1. Do NOT spend 12 uninterrupted hours watching the 24-hour news channels – this includes The Weather Channel. Believe me, there is only so much accurate reporting that can happen over the course of covering one story for many, many hours. At some point, your favorite and most trusted journalists will turn to Twitter for second-by-second updates, which you should know by now are not fact-checked.

2. Which brings me to my next point. Don’t trust everything you read on Twitter/Facebook. How many photos of flooding have you looked at in the last 3 hours? Like, a million. (Did you see the photo of the shark swimming through a backyard in NJ?) How many of those were photoshopped? We have no way of knowing. Please take these news sources with a grain of salt and don’t lose your heads. Remain calm.

3. Be part of the solution. Don’t hit that RT or SHARE button if you suspect that what you have just read seems too crazy to be true. Be a scout for trust-worthy news updates in the midst of a big story. Don’t continue the stream of hype without using sound judgement.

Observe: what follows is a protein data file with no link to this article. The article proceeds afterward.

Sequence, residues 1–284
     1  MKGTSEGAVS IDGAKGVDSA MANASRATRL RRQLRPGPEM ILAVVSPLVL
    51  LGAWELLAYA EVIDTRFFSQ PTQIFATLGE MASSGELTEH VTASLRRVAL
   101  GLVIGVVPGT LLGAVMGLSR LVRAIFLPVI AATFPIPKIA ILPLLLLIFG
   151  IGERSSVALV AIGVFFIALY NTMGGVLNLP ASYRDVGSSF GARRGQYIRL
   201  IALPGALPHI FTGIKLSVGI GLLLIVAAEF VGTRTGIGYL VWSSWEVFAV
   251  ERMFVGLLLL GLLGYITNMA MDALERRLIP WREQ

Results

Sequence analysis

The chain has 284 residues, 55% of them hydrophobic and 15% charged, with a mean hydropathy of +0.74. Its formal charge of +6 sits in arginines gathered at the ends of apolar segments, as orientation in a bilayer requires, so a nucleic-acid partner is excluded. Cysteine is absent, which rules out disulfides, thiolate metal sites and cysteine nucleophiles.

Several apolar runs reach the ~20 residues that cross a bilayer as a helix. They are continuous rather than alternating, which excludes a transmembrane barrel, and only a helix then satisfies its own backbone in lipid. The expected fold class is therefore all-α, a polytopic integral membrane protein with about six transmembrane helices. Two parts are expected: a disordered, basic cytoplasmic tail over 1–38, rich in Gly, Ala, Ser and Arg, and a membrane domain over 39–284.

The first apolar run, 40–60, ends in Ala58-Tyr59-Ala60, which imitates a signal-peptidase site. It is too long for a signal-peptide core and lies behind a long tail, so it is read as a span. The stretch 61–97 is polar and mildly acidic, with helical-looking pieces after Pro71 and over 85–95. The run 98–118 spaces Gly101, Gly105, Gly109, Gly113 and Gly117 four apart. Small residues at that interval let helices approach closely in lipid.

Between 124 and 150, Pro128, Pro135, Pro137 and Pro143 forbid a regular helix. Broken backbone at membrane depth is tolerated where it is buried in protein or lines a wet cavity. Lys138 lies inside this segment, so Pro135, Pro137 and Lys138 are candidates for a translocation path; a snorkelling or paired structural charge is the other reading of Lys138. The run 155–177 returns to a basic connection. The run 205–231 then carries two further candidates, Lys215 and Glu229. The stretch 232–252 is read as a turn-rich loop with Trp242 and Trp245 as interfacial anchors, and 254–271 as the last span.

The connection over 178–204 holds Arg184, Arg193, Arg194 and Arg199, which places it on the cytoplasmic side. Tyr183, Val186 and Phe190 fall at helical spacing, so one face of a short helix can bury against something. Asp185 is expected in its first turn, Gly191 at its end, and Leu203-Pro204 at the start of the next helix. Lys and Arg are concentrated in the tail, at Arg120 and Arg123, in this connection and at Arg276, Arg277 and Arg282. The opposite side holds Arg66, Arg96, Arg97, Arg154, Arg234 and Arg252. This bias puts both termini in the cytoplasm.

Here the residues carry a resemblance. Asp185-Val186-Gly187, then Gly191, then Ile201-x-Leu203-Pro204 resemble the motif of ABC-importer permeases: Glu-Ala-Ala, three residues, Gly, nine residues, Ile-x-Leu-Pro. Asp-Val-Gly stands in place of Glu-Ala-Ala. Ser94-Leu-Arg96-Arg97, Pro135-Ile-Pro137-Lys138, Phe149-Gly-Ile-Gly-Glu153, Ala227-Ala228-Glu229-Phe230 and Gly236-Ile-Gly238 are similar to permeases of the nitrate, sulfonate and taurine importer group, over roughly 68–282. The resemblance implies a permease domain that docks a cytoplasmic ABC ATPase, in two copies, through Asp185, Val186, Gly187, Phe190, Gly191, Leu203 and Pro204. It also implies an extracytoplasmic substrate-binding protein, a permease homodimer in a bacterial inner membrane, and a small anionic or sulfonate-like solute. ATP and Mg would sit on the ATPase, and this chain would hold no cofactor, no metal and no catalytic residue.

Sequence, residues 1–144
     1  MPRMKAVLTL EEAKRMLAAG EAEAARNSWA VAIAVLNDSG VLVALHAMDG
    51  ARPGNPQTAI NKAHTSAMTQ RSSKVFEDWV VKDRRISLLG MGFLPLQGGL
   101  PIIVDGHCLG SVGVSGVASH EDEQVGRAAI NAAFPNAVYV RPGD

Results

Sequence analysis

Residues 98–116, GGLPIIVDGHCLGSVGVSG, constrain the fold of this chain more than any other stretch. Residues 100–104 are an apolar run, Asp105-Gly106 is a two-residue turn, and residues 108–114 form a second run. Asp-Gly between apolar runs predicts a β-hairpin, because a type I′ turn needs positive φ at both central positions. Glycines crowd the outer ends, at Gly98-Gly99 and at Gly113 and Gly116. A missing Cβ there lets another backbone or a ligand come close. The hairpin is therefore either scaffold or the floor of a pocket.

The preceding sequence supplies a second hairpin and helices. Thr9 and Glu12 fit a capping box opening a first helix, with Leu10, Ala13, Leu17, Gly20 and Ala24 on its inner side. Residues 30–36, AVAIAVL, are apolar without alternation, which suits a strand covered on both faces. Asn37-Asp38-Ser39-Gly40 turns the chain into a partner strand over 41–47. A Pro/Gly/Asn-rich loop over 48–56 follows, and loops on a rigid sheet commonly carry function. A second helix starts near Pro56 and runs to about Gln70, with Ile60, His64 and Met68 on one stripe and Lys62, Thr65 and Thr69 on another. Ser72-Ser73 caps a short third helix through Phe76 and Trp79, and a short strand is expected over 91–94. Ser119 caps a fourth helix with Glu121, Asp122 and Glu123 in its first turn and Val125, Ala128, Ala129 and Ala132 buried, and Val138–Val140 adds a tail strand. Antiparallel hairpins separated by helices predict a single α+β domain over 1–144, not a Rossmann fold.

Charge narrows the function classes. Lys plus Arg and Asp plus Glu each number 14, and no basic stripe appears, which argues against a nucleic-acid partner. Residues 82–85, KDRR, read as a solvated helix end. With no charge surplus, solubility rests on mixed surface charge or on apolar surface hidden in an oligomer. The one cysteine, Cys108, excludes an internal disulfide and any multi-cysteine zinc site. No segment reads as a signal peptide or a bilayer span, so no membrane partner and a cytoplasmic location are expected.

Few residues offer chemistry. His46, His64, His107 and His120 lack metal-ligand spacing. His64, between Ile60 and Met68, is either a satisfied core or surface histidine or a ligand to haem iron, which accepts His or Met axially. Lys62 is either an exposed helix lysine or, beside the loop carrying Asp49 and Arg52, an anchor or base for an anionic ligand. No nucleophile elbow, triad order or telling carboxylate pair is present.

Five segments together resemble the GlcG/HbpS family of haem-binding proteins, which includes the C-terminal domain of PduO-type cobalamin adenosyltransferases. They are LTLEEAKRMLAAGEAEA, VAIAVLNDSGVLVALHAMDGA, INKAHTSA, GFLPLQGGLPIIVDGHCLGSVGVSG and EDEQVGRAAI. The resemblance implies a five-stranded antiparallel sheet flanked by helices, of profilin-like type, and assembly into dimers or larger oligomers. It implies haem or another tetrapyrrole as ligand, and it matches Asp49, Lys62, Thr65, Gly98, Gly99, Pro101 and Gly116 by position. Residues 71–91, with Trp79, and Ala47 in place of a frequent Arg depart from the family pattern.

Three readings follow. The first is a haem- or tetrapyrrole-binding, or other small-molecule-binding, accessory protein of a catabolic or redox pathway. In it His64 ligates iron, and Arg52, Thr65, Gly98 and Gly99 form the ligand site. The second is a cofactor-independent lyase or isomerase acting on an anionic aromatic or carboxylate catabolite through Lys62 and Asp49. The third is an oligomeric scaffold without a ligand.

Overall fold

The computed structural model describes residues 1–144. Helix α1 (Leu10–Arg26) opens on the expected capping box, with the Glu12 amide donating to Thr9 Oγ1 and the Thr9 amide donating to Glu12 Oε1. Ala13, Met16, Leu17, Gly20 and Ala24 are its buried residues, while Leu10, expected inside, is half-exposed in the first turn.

Light hearted blog posts aside, my heart goes out to any who have been seriously affected by the storm. If you are without power, please be safe and be careful.

Amanda Smyth Connor is a social media manager for a major publishing company and has managed online communities and content development for many start-up and Fortune 500 companies.  She has been a professional editor for more years than she can remember.

Want to Protect Your Writing From Content Scrapers?


by Joe Wallace

This is old news to some, and a bit of a revelation to others. Google offers writers something I interpret as both an extra layer of anti-plagiarism protection AND a bit of search engine brand recognition with Google Authorship.

It requires you to use Google+ (surprise, surprise) and publish your work on your Google+ profile page, but it’s pretty handy as a way to show to Google who got there first when it comes to your work, content scrapers, or out-and-out plagiarism. Here are the steps to getting started, from the official Google Authorship page:

“You can link content you publish on a specific domain (such as to your Google+ profile.

  1. Make sure you have a profile photo with a recognizable headshot.
  2. Make sure a byline containing your name appears on each page of your content (for example, “By Steven Levy”).
  3. Make sure your byline name matches the name on your Google+ profile.
  4. Verify you have an email address (such as on the same domain as your content. (Don’t have an email address on the same domain? Use this method to link your content to your Google+ profile)

(Here on the Google page there is a text box where you enter your e-mail address)